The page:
A reporter researching oil field fatalities for the online business journal EnergyWire helped uncover a pattern of mysterious deaths, mostly of young, healthy workers who died atop or near oil field hatches they had opened to measure oil well levels by hand.
The death of 21-year-old Dustin Bergsing, whose lifeless body was found slumped next to an open oil hatch in 2012, was unsettling to reporter Mike Soraghan because federal safety regulators found no safety violations, so no fines were issued, and no corrective action was taken that could prevent such deaths in the future.
Both the industry and the government failed to address the problem despite an autopsy on Mr. Bersing’s body that found benzene, butane, and other hydrocarbons in his blood and a pattern of similar deaths that occurred over the past six years.
With the help of the National Institute of Safety and Health (NIOSH) and Dr. Bob Harrison, an occupational and environmental medicine specialist, Mr. Soraghan found that nine other oil workers had been found dead on oil pads in just six years. Like Mr. Bergsing, many of those workers were young and healthy.
Dr. Harrison believes these workers were overcome by petroleum gases that escaped from the oil tank hatches when they were opened.
According to NPR, families of at least six of the deceased oil field workers are suing their employers. NIOSH even warned the oil and gas industry about these hazards, but the exposures that killed 10 workers in little more than a decade continue.
Most of these wells – some 83,000 of them – are on public land, and the Bureau of Land Management (BLM), which is in charge of oil drilling on federal land, thinks the best way to protect public assets and the royalties they earn is to manually measure oil levels by manually dropping a rope into the tank, even when other countries, including Canada and other major oil-producers, are using automated oil measurement.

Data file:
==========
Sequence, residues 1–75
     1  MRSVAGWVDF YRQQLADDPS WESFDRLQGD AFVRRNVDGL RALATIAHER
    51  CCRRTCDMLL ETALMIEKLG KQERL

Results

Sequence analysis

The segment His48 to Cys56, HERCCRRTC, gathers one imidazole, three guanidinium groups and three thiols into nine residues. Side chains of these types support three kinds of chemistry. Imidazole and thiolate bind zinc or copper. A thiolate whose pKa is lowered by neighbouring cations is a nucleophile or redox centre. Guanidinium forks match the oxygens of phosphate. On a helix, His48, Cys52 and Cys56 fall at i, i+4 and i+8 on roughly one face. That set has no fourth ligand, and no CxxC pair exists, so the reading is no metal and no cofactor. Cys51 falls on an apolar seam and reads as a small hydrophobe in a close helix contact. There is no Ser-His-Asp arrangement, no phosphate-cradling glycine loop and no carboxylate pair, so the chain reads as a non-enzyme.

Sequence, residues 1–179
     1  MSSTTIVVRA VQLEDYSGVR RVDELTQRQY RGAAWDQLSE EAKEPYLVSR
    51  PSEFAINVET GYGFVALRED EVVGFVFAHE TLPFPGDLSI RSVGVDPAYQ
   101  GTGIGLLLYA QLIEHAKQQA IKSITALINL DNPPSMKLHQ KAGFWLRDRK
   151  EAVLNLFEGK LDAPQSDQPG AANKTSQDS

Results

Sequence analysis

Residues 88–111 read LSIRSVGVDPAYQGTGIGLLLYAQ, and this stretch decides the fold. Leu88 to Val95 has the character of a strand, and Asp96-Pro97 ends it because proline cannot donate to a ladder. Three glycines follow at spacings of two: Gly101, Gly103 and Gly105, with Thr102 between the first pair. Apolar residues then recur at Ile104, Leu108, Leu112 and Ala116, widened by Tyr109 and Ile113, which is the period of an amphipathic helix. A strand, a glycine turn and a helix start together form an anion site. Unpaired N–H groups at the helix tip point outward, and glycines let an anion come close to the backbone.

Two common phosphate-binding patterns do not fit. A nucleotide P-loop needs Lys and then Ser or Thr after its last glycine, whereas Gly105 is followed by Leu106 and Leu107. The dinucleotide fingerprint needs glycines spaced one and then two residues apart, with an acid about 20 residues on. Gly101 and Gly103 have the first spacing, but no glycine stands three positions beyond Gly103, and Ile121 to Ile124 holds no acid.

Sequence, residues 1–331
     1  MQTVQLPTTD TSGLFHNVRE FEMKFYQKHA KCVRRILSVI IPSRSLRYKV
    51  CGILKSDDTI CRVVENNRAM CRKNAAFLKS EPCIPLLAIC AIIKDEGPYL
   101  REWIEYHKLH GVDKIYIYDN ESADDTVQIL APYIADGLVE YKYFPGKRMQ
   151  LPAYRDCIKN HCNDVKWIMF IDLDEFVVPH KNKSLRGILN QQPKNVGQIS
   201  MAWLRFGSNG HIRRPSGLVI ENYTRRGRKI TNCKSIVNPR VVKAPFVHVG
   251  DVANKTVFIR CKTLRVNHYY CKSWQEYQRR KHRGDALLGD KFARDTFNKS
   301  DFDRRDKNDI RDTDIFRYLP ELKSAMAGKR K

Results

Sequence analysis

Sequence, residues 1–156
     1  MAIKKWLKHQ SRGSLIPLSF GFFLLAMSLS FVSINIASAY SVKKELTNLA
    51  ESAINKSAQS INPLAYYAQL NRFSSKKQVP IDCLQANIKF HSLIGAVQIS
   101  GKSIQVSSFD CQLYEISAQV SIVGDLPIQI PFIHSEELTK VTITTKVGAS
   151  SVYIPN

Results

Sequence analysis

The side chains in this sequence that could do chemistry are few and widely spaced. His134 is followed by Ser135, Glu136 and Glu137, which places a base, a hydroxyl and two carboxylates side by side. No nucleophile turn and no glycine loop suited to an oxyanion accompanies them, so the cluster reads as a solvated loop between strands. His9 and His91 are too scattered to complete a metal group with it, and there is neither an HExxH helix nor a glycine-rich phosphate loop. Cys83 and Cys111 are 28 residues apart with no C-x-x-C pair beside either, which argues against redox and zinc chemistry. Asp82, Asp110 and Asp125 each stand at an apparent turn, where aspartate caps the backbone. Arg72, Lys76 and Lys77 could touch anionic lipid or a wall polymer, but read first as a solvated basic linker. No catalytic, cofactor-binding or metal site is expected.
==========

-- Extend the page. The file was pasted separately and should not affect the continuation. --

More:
Dennis Schmitz, an oil and gas safety trainer, told NPR that the continued exposures are “needless” and “nonsensical” because protections exist in the offshore oil and gas industry and in other countries that prevent workers from inhaling noxious petroleum fumes. In fact, Schmitz used such equipment on tanker ships.
Cost to the industry is also a priority, apparently. The BLM told NPR that it would cost $2,000 per tank to install automatic measurement equipment – an upgrade that would cost some oil companies to shut down because of cost.
NPR reports that the BLM is introducing some changes to safety rules this year, but the agency declined to say whether it would allow automated oil measurement systems on public land.
“One thing the rules definitely won’t do is ban measuring oil levels by hand,” NPR reported.